Amid coronavirus outbreak, Italy’s sporting events to take place in empty stadiums

March 4, 2020

Italian officials on Wednesday said all sporting events for the next month will take place in empty stadiums in an effort to halt the spread of the coronavirus.

The measure is expected to result in the Italian soccer league resuming in full this weekend after the calendar was pushed back a week.

The seats are empty as a precaution against the coronavirus at the San Siro stadium in Milan, Italy, during the Europa League round of 32 second leg soccer match between Inter Milan and Ludogorets.
(UEFA via AP)

Italy is the epicenter of Europe’s coronavirus outbreak. More than 100 people have died and more than 3,000 have been infected with COVID-19.

The Italian government’s new decree mandates that all sporting events throughout the country must take place behind closed doors until April 3. Schools and universities have been ordered to close until March 15.

Premier Giuseppe Conte posted a five-minute video on his Facebook page, reassuring people and saying that the decree was a way of assuring “responsible behavior.”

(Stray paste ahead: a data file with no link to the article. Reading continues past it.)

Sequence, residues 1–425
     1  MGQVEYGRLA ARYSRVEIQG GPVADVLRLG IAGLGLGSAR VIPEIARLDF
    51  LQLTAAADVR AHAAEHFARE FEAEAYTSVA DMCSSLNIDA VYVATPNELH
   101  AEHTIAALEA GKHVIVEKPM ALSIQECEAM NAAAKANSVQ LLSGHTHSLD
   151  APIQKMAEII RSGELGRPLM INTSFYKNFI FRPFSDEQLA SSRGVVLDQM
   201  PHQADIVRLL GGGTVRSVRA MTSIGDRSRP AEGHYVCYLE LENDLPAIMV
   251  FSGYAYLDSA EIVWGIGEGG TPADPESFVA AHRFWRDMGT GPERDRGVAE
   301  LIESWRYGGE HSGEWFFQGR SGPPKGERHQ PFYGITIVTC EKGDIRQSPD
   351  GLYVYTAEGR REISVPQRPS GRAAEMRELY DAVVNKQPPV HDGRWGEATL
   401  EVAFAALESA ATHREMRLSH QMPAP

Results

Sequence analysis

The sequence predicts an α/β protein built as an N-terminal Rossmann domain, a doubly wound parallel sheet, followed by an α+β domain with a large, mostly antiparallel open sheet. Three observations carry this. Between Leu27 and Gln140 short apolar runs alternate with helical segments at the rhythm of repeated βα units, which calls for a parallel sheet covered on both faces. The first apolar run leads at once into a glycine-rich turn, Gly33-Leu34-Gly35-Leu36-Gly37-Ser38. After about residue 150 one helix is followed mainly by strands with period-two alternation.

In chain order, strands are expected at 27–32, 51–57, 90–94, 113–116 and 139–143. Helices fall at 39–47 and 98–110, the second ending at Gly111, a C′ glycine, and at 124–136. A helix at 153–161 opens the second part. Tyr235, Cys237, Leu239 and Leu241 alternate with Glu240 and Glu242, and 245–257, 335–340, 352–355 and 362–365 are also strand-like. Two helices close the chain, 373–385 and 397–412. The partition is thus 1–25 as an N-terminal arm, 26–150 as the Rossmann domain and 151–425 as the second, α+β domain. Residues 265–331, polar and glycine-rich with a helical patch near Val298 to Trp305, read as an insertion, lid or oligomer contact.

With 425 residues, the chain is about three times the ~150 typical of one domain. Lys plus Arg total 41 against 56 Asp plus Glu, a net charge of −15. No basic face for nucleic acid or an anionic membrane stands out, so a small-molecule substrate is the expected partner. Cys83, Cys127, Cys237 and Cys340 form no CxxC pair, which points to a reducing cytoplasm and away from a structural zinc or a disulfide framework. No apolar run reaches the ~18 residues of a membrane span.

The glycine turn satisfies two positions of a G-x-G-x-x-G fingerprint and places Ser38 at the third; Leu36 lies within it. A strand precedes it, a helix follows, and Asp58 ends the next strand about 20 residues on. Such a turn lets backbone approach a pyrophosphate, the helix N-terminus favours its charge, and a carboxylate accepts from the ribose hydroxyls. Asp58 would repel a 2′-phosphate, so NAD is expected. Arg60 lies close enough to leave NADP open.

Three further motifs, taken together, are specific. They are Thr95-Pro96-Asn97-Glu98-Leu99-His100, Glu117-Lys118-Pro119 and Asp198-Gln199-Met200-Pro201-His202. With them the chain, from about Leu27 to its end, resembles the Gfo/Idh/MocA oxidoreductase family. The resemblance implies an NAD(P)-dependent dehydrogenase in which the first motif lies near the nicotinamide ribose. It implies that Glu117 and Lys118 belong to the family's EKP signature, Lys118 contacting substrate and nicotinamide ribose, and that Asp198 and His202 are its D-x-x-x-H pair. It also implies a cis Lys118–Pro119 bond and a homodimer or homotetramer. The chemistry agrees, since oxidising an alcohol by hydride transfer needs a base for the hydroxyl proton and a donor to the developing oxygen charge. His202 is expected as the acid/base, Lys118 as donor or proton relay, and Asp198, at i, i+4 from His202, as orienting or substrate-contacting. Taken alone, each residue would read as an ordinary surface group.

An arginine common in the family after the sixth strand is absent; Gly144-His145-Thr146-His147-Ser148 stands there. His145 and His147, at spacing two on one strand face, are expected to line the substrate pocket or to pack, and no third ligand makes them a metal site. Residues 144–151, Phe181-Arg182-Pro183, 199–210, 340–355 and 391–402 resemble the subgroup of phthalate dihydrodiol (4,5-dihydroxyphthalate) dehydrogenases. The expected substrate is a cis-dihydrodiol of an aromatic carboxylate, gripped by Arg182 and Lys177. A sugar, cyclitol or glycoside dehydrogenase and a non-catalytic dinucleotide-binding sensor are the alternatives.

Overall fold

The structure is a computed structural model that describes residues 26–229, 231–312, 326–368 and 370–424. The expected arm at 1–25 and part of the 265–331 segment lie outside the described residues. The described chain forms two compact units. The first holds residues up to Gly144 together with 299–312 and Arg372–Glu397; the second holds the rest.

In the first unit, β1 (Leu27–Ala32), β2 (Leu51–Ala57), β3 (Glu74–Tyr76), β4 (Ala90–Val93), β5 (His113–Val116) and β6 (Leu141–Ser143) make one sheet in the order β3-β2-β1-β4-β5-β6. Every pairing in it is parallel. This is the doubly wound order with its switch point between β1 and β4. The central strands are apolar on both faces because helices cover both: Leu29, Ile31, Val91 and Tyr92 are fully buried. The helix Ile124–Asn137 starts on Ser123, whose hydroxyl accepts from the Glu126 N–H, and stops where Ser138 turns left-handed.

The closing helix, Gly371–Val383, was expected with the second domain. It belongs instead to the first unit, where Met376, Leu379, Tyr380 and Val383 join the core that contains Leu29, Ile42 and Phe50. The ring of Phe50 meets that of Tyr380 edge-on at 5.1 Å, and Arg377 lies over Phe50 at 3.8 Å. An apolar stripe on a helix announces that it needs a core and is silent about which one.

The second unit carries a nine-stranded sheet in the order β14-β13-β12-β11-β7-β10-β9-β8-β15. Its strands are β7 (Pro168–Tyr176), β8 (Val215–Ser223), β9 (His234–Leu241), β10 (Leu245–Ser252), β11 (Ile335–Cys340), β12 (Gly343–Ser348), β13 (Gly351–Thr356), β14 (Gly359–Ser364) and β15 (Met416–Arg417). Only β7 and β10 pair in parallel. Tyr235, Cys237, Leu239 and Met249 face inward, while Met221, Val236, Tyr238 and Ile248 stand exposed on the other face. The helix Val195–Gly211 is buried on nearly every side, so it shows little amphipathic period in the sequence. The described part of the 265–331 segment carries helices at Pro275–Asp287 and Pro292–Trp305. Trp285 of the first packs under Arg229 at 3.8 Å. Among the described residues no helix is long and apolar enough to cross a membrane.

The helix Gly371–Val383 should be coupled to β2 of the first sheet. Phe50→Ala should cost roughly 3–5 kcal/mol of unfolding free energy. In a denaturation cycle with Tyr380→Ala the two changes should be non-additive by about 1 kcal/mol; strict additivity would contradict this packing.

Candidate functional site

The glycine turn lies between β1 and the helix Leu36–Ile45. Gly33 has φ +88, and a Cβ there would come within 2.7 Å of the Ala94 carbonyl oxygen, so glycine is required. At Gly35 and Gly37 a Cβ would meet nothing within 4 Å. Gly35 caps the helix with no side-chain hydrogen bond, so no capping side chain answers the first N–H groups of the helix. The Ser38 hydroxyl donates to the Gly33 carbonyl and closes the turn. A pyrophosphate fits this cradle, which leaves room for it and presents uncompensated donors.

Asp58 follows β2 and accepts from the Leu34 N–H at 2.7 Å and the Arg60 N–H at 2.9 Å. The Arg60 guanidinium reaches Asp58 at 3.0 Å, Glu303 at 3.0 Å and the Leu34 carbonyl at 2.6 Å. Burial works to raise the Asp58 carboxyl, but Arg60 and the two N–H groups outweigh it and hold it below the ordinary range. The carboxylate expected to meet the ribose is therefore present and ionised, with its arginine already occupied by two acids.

He said banning crowds at sporting events would help “prevent further opportunities of infection.”

The Italian soccer league’s governing body has yet to release a revised schedule, but reports say the six Serie A soccer matches that were postponed last week will now be played this weekend.


Inter’s match against Sampdoria was one of four matches postponed the previous weekend. And the club’s president Steven Zhang is facing disciplinary action for insulting Serie A president Paolo Dal Pino in an Instagram post reacting to the way the Italian league is handling the fallout from the virus outbreak.

Inter chief executive Giuseppe Marotta also publicly criticized the league but tempers appeared to have cooled by Wednesday.

“Playing in empty stadiums could be the only way to keep the league going until the end in light of the restrictions that the government is rightly indicating,” Inter chief executive Giuseppe Marotta said after a meeting at the Serie A headquarters in Rome, but before the decree was announced.

Four Serie A matches went ahead last weekend with fans present as they were taking place in areas that had not been affected by measures to control the outbreak.


A decree on Sunday extended the suspension of all sporting events in the regions of Veneto, Emilia-Romagna and Lombardy – the epicenter of Italy’s outbreak.

The Associated Press contributed to this report.